In what has become a tradition, pro-democracy activists, politicians and civil society groups, this year again, marked the 22nd remembrance of the June 12, 1993 presidential election, presumed to have been won by late business mogul, Chief Moshood Kasimawo Abiola, but which was cancelled by the military government of the day. OLAOLU BILAU writes on this year’s commemoration of an annulment that shook the nation to its very depths…
June 12 has assumed a life of its own
Since the annulment of the election and the subsequent incarceration and eventual death of Chief Abiola in detention, June 12 has assumed a life of its own with state governments in the South-west of the country, making it an annual event to be remembered, especially among the former NADECO members, now holding public offices in some of the states in the region, where lectures, rallies and symposia are held and public holidays declared to mark the day.
Twenty two years ago, Nigerians went to the polls to elect a president. The two major contenders in the race were multi-millionaire businessman, late Chief Moshood Kashimawo Abiola of the Social Democratic Party (SDP) and Bashir Tofa of the defunct National Republican Convention (NRC).
The election was adjudged by international observers as free and fair, but the military government at the helm of affairs at the time, led by General Ibrahim Babangida, cancelled the election and refused to release the results, which were believed to have been in favour of late Chief MKO Abiola.
The annulment led to violence and bloodshed and was the beginning of a major struggle and crises that eventually shaped further political developments in the country.
Lagos, Ogun, Oyo and Osun States, declared June 12 work-free day to commemorate the annulled presidential poll
Governor Akinwumi Ambode of Lagos States said June 12, 1993 represents an important section in the annals of the nation’s history, when Nigerians voted without recourse to ethnic, racial and religious sentiments.
The governor regretted that, 22 years after the annulment, Nigeria is still grappling with some of the challenges the June 12, 1993 elections could have solved, had the winner been given his mandate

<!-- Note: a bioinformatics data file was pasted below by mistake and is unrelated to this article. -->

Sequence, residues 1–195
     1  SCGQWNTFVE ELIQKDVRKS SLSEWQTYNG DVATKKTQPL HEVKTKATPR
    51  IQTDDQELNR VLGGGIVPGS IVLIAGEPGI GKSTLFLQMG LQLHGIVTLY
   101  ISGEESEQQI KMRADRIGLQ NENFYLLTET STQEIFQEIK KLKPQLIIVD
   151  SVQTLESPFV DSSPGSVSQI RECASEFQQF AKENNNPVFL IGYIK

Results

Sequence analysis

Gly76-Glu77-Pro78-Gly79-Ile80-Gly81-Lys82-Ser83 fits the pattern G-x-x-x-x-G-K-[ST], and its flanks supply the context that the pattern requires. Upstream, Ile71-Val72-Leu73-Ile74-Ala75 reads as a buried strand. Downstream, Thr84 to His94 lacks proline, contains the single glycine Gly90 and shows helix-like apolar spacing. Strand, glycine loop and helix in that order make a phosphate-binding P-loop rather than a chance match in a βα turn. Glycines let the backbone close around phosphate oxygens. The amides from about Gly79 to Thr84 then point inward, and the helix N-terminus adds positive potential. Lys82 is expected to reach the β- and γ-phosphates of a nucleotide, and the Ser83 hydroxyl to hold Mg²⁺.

He urged Nigerians to remember the martyrs of the June 12 struggle and their sacrifices that returned the country back to democratic rule.
For Governor Rauf Aregbesola, June 12 brought about the democracy the country’s citizens now enjoys.
Speaking through his Director, Bureau of Communication and Strategy, Mr. Semiu Okanlawon, Aregbesola said: “Nigerians should reflect on the significance of June 12, the sacrifice made by Abiola for all of us to consolidate the current democratic experiment.
Speaking on behalf of the Ogun State Government, Secretary to the State Government, Taiwo Adeoluwa, said the day was in honour of the late politician who, fought for the entrenchment of democracy by standing for what he believed in.
“Government enjoins residents to spend the day to celebrate the 22nd anniversary of the annulled election peacefully, pray for the continued repose of the martyr of democracy, Chief Abiola and general political and socio-economic growth of our country”.
Oyo State Government’s message came through a statement by the Head of Service, Mr. Soji Eniade, who urged the people of the state to remain steadfast in their prayers for the sustainability of democracy in the state and the country at large.
MKO Abiola’s travails
Late Chief Abiola was arrested on June 23, 1994 by the government of the late military ruler, General Sanni Abacha after he (Abiola) declared himself president, a year after the presidential election was annulled.
The family of the late business mogul, activists and various groups fought vigorously to regain the lost mandate, but all to no avail and in the heat of the struggle to get Chief Abiola released from detention, one of his wives, a leading figure in the struggle for her husband’s freedom, Alhaja Kudirat Abiola was shot dead in Lagos in 1996.
Chief Abiola later died in custody in 1998, under very controversial circumstance.
Human rights groups, activists and civil society organizations have continued to clamour for a post-humous declaration of the late ‘martyr of Nigeria’s democracy’ as a former president.
There are also calls from various quarters for June 12 to be recognized as the true Democracy Day, instead of May 29.